I wish I was that organized. It's more of a stockpile of Paris images randomly recorded. I love going through them - like being there again when I need a Paris fix, and ideas pop into my head in the process. Just made-up theories...
He calls it , "the Two-Café Problem". It seems Parisians only want to be seen in the "right" café of the moment, even if it means waiting for a table when there are plenty of empty seats in the café across the street, says Q+a Magazine.
Well, here is my hypothesis, and it's based solely on color theory and nothing else. Color acts on us in unconscious ways and drives us to do things we hadn't planned. The absolute winner of color combinations is rouge et verte or the RED/GREEN combo. It's the best pair of color compliments of all three.
RED - GREEN
ORANGE - BLUE
red + green turns up where ever you look. Go to your corner grocery or Farmer's Market. The grocer intuitively understands color theory and never painted a color swatch or had to sit in color theory class for hours.
The RED tomatos are ALWAYS next to the GREEN peppers, lettuce, parsley etc. Christmas, who can avoid it, is a RED/GREEN holiday. RED roses have green stems and you see them every Valentines day, particulary in the hands of those who almost forgot ? Florists understand this intuitively. Red cherries have green stems, making them so much more appealing...someone up there gets color theory.
So what does any of this have to do with "the Two-Café Problem" you ask? Because the Café de Flore has the winning color combination - RED + GREEN. Les Deux Magots, malheureusement (unhappily), chose for their signature colors a creamy Naples yellow (my favorite color) + a deep forest GREEN. It's a classy combo, but it doesn't have the pulling power of the all-time winners, RED + GREEN.
Maybe I should explain a bit more about complementary colors. They enhance each other and effect the brain too. Complimentary colors sit across from each other on the color wheel. So what?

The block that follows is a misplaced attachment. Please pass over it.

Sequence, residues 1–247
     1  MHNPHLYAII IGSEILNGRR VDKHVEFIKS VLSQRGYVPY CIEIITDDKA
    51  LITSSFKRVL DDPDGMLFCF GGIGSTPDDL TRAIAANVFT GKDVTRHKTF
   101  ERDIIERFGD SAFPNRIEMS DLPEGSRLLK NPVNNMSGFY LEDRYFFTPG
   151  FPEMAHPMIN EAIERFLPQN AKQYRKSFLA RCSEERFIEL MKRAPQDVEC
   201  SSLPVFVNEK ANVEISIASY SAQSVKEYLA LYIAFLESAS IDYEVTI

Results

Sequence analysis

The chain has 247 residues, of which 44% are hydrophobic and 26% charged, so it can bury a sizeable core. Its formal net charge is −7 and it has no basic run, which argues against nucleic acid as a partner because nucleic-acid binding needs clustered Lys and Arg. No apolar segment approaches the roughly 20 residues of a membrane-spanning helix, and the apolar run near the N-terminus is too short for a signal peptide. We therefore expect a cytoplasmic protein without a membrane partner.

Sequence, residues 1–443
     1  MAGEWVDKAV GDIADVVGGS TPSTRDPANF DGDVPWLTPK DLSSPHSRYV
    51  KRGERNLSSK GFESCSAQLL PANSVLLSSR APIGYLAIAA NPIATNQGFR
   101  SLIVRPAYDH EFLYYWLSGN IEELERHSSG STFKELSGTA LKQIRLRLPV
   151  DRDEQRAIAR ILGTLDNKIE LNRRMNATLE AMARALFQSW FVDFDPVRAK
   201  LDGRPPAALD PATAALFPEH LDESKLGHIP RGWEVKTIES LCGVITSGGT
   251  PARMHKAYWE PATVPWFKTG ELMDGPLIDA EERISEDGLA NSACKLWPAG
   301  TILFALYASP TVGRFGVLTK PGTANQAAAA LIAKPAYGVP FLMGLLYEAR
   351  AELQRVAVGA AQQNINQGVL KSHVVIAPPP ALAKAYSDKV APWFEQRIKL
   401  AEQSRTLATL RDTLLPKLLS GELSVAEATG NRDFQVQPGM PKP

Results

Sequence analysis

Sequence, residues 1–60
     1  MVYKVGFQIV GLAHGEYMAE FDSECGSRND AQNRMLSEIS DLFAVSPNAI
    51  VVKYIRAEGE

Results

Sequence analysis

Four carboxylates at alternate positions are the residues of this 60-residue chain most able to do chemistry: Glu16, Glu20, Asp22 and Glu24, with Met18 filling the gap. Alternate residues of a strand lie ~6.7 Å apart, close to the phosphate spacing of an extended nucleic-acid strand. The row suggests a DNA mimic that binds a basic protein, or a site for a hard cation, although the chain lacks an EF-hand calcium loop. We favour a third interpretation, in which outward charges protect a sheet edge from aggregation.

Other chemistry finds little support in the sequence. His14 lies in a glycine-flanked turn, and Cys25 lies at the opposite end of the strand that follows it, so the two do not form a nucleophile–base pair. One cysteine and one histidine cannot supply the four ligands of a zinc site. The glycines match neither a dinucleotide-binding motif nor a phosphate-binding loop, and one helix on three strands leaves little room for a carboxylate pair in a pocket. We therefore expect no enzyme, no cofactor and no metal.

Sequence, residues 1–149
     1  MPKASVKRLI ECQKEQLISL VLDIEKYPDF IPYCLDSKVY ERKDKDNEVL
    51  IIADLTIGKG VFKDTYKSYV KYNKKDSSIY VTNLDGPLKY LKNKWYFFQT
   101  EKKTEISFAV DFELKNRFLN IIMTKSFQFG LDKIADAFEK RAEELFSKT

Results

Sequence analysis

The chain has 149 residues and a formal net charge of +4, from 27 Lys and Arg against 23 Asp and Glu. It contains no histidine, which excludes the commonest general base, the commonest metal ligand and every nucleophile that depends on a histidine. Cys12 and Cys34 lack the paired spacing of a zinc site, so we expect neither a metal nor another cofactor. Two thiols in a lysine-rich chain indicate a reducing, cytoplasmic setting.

Well, if you have a predominantly green color environment and than add a touch of red, the brain will make that green vibrate like crazy and the red will sing out like Callas. Get the picture?
Café Flore's use of green as an accent color enhances those red chairs and makes it all the more appealing. Did you know that all important cafés in Paris have their own proprietary chaise (chair) designs and their own proprietary rattan weave as well? Maison J. Gatti is responsible for these. You can find them stateside at Cafe Society in San Francisco.
The master of the red/green combo is Pierre Hermé. I left a Kremer Pigments red color chart in his rue Bonaparte shop and realized belatedly that I'd forgotten to bring along the green color chart. Quelle disastre! Next visit in 52 days...
So, sorry Deux Magot, your signature colors are très classy and I'd take a set of your breakfast crockery anyday over Flore's. Your chocolate chaud is hands down the winner on the boulevarde, but you can't compete with the red/green combo. Adam Gopnik would have a good giggle if he read this... Nevermind color is powerful and even trés chic Parisians are not immune. So that's my theory on "the Two-Café Problem".